There are several staples of WVBR's normal programming. Tompkins County Trivia airs every weekday after the 8:00 a.m. newscast. In this segment, the DJ asks a trivia question on a topic local interest, with the first caller to correctly identify the answer winning a prize.[5] Other regularly occurring daily weekday segments include Today in Rock History and The WVBR Concert Log.[6] Meanwhile, The Soapbox is a news opinion piece presented weeknights by a member of Cornell or Tompkins County media, such as The Cornell Review.[7] The 93-Second Sports Shot, an opinion piece covering sports, airs weekdays during the 6 p.m. newscast.

Weekend programming

The station features a number of specialty programs on weekends, some focused on specific genres of rock music or its roots, and others on public affairs or sports.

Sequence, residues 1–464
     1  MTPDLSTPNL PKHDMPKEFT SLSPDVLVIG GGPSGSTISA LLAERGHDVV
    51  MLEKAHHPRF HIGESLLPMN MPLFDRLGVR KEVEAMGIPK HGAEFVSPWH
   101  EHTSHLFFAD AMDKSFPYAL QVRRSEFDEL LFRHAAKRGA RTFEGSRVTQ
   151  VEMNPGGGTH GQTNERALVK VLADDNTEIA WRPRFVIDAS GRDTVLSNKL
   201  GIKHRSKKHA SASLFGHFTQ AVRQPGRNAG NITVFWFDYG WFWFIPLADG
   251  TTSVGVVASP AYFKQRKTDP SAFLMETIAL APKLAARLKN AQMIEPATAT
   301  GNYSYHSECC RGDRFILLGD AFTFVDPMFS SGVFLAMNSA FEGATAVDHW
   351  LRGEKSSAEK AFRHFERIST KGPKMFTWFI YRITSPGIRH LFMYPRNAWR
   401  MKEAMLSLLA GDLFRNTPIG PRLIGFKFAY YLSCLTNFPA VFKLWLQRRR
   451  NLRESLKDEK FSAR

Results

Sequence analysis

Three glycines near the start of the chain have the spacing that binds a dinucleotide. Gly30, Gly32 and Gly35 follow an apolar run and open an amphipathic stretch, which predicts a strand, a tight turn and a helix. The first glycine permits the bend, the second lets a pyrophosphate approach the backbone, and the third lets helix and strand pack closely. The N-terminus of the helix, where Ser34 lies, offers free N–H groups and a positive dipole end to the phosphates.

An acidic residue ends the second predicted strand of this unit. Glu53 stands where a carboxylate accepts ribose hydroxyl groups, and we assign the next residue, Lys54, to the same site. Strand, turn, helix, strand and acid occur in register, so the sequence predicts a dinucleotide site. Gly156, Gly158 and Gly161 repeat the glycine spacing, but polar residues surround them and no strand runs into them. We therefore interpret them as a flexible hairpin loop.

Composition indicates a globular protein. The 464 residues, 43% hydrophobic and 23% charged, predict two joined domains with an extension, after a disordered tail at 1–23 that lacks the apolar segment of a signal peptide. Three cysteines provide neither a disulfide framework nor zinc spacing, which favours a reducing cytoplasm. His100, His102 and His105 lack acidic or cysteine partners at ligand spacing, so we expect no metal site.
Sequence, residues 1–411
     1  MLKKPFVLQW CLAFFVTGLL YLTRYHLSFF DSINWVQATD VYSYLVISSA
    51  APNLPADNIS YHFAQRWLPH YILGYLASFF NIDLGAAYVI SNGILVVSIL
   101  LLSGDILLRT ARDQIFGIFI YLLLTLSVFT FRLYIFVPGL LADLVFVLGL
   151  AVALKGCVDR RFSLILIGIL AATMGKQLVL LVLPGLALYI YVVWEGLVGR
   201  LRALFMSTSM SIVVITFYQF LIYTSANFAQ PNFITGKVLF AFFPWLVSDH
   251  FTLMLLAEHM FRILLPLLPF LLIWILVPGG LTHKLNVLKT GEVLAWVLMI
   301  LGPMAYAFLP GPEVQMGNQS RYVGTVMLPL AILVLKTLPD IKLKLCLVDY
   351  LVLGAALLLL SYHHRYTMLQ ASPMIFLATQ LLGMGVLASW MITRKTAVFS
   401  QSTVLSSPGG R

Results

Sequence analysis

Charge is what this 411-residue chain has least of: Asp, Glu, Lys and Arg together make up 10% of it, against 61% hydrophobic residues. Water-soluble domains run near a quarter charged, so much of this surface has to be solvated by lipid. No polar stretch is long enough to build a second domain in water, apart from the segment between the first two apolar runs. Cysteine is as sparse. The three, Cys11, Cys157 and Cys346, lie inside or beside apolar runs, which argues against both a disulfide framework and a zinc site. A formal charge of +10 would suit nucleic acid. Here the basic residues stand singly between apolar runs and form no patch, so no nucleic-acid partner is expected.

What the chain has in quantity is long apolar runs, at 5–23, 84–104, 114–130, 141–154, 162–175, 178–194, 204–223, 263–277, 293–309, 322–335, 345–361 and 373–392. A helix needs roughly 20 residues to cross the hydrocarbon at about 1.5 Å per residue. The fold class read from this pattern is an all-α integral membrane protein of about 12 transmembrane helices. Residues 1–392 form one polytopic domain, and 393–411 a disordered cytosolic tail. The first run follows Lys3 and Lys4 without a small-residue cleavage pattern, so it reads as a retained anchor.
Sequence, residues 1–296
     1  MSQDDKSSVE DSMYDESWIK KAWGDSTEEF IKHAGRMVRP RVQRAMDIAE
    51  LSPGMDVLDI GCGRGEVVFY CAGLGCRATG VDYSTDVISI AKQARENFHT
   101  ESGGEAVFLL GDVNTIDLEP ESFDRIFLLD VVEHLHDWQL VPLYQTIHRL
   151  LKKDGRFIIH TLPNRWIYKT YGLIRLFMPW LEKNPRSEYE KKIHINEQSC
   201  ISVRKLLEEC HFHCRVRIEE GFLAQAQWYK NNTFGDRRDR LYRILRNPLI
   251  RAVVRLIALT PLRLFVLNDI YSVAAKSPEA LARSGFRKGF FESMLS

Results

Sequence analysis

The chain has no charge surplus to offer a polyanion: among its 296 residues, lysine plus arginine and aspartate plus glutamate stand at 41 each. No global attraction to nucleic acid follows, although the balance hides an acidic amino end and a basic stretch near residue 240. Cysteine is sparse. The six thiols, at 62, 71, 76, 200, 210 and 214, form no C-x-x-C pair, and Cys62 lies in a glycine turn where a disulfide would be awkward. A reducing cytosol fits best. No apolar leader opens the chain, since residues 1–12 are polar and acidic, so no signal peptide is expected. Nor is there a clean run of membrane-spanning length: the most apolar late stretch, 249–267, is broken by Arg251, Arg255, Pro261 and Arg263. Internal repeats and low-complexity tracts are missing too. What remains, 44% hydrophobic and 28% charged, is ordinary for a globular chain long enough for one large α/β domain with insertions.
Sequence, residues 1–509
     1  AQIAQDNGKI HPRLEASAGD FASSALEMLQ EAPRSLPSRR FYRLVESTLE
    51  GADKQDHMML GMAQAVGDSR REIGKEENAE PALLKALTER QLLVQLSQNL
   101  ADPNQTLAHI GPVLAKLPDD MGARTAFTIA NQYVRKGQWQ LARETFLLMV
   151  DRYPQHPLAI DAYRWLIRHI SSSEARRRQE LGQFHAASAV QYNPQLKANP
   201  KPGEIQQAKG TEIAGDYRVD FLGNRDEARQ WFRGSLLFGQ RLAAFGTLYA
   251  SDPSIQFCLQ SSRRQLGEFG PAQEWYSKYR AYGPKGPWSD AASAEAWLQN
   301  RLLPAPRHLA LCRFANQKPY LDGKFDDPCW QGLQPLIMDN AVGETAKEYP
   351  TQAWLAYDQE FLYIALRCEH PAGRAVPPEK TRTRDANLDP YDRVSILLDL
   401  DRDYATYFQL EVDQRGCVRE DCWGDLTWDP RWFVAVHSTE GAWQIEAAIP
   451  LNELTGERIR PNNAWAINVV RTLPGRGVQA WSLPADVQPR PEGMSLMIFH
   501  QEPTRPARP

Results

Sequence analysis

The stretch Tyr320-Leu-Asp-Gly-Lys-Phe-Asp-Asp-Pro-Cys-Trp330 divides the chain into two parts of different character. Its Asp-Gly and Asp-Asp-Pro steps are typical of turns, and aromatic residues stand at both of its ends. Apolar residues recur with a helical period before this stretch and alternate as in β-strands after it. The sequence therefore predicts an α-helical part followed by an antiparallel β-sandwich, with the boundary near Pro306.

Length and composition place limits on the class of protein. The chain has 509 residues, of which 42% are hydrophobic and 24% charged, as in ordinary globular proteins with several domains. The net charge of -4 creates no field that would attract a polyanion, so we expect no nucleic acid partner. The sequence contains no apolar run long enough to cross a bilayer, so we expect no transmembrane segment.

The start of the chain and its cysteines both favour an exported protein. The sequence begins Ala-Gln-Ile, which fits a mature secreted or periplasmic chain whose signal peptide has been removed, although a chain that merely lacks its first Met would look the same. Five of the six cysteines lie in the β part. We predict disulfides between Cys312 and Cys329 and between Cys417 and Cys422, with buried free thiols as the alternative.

The best known of the station's weekend programs is Bound For Glory, a long-running folk music showcase with a national reputation[8]. Broadcast every Sunday night for more than 40 years, the program is the longest-running live folk music broadcast in North America[9]; it features a mix of recordings and (most weeks) live performances from a coffeehouse on the Cornell campus. Phil Shapiro has been the program's host since its inception in 1967.

Other long-running specialty programs on the station include "The Salt Creek Show" (country music) and "Rockin' Remnants" (oldies); both have been running since the mid 1960's, though with a succession of hosts and with occasional changes in time slot.

Prominent alumni

Over the years, a large number of WVBR student staff members have gone on to significant careers in broadcasting, journalism and related fields. Among the best known is Keith Olbermann, host of the MSNBC program "Countdown with Keith Olbermann," who worked at WVBR from 1975 to 1979 and who has often cited in interviews[10] the formative role his experiences at the station played in his career.

Other notable alumni include sports journalist Bill Pidto[11], Good Morning America anchor Kate Snow[12], former SportsCenter anchor Whit Watson and Dr. Joyce Brothers.[13]

References

External links